- Is there an ideal age when children should stop sleeping in their parent’s bed and if so, what is it?
I don’t feel that there are any specific ages to cease bed-sharing. When the parents or the child decide it is time for a change represents the ideal time.
- Is it a problem if they continue to do this after that age (apart from parents being exhausted) and what issues are there?
There are no sleep problems until how sleep is experienced becomes problematic for those involved. Some parents may report that it takes ages to get their child to sleep at bedtime meaning that they have little time themselves to switch off. Or they may report that bed-sharing disturbs their own sleep and that if woken they find it hard to get back to sleep and therefore, they are not well rested themselves. Some children that share the bed experience broken sleep too with the same effect. Bed-sharing may also mean that the parents no longer share a bed, and this may have an impact on the couple relationship. However, bed-sharing is a personal, inhouse decision and parents decide what feels right for them and their child on an individual basis.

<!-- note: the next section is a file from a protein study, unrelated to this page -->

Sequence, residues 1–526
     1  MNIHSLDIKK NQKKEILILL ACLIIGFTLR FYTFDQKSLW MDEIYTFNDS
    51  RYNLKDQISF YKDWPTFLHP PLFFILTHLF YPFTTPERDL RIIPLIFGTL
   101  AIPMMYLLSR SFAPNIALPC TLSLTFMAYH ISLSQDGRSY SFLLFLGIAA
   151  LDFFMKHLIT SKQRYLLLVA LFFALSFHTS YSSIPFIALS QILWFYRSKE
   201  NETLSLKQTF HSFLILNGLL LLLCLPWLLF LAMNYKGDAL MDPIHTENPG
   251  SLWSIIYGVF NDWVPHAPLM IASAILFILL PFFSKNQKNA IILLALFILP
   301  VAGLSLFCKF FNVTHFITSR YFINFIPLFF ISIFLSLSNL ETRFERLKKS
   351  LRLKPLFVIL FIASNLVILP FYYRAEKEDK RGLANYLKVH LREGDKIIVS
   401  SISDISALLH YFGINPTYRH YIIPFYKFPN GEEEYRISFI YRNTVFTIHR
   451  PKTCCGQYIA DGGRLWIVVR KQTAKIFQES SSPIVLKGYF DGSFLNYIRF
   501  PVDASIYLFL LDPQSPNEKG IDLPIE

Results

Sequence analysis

When parents make changes to how their child experiences their sleep it is a time of adjustment, it may be considered easier before your child is pre-verbal, but it can also be more straight forward with an older child, as you can explain and collaborate with them and gently ease them into a new sleep experience.
- Do you believe it gets harder to encourage children into their own beds as they get older and what tips would you have for parents to help kids make the transition?
As the child becomes older encouraging their positive input to the changes can be a helpful way of initiating the transition. Some will find this easier than others. How the child experiences the world in general may help inform how you can expect them to tolerate this change. In some instances, it is the child that initiates the changes as well.
I believe that if either the parent or the child is ready and make the changes that support the architect of the child’s sleep with regular wake and bedtimes, and more importantly their emotional response to the new sleep environment, then it can be a nourishing adventure. Building up to the changes, seeking their involvement- explain, make a book with them, show them in images the changes: spend non sleep time in the bedroom and help them to understand their own sleep space -that is both sleep friendly and one that they have developed a positive relationship with too. Having a bedtime routine (either with the parent or self-directed -aged based) that happens outside of the bed in the bedroom and focused on creating a calm setting before sleep time and being predictable with them around the changes, all help this phase. Using my staged based stay and support approach can help foster falling asleep at bedtime without a parent and learning to stay asleep in their own bed overnight too.